BASH (on camera): How come?

REID: Well, it doesn't do anything. It has the -- it has the goal after -- it has the goal after the election. That's very courageous.

BASH (voice over): Some in Harry Reid's own party warn that kind of scorn for a GOP compromise idea will only hurt Democrats, in power for nine months, without changing Iraq policy.

REP. NEIL ABERCROMBIE (D), HAWAII: We have the majority now. People expect results. In order to get results, we have to reach out to the other side. That's the only way it's going to happen. People will give us credit for that.

BASH: Democrat Neil Abercrombie say Democratic leaders dug in on Iraq should learn from their strategy on children's health. By compromising with Republicans, Democrats won overwhelming bipartisan votes in the Senate and House, and put the president on the defensive.


BASH: Now, we asked the Senate majority leader, Harry Reid, if he learned any lesson from the success that he did have in negotiating with Republicans on children's health. Without missing a beat, he responded, "Get a new president." And he ended it there -- Wolf.

BLITZER: Dana, there's a vote coming up next week in the House of Representatives on Iraq that potentially could get some bipartisan report. What's that all about?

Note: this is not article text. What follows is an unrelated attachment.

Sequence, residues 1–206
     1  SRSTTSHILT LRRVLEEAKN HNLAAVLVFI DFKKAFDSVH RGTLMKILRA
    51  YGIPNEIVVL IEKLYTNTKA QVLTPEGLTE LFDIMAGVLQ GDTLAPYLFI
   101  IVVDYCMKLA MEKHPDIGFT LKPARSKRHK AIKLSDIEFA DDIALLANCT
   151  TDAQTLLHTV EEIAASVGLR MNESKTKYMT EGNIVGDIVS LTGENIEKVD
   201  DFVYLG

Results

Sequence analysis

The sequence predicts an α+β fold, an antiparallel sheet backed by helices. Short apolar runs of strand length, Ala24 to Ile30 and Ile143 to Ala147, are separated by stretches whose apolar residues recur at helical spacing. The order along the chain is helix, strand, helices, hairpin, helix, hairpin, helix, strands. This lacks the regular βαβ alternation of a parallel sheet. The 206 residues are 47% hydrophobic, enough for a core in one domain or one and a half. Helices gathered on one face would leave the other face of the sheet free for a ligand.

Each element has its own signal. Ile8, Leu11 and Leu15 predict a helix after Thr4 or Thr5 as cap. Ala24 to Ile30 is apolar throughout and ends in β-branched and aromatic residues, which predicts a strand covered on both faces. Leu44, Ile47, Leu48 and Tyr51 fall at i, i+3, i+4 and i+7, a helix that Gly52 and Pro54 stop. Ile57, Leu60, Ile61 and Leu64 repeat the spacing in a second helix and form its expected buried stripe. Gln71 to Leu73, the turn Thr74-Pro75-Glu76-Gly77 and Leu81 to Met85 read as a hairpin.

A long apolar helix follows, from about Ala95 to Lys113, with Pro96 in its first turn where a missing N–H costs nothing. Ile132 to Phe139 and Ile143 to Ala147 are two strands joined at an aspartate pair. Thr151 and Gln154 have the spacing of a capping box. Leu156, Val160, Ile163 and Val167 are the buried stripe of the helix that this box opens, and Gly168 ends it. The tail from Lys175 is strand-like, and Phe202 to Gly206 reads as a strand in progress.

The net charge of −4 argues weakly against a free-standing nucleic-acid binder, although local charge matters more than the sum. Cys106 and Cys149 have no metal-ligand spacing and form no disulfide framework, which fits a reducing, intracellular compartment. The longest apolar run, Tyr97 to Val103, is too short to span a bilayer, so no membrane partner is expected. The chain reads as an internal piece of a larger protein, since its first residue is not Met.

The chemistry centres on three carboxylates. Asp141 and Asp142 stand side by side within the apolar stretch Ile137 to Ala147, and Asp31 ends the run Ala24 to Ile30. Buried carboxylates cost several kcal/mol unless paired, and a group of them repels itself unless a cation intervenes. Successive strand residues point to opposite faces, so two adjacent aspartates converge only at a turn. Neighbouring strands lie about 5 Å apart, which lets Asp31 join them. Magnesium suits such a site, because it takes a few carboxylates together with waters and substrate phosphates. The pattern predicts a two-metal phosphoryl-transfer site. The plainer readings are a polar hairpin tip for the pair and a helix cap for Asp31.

BASH: It could. It's sponsored by the Democrat you just saw in that piece, Neil Abercrombie, a progressive Democrat, and some conservative Democrats. And this is something that would require the president, Wolf, to come to Congress, and he would come to Congress with a plan for troop withdrawal.

You know, many Republicans and Democrats say they actually could vote for this. This could be, next week, a milestone in this long Republican -- long debate, I should say, on Iraq here in Congress. It could be the first time we do see a big bipartisan vote on some kind of Iraq legislation.

BLITZER: Thank you, Dana, for that.

Dana is on the Hill watching all of this unfold.

As President Bush moves closer to the end of his term, he's trying now to show more interest in an issue he's never fully embraced. That would be global warming. In a speech today, he vowed the U.S. will do its part to reduce greenhouse gas emission emissions.

Let's go to our White House correspondent, Ed Henry. He's watching this story for us.

Did we hear something really new from the president today, Ed?

ED HENRY, CNN WHITE HOUSE CORRESPONDENT: Not really, Wolf. The president is still talking about voluntary, not mandatory, caps on carbon emissions. A familiar refrain from this White House.


HENRY (voice over): President Bush gave a speech on global warming with a slogan recycled from the Iraq debate -- a new way forward.

GEORGE W. BUSH, PRESIDENT OF THE UNITED STATES: As a result, our nations have an opportunity to leave the debates of the past behind and reach a consensus on the way forward.

HENRY: But this new way was light on specific actions that are actually new.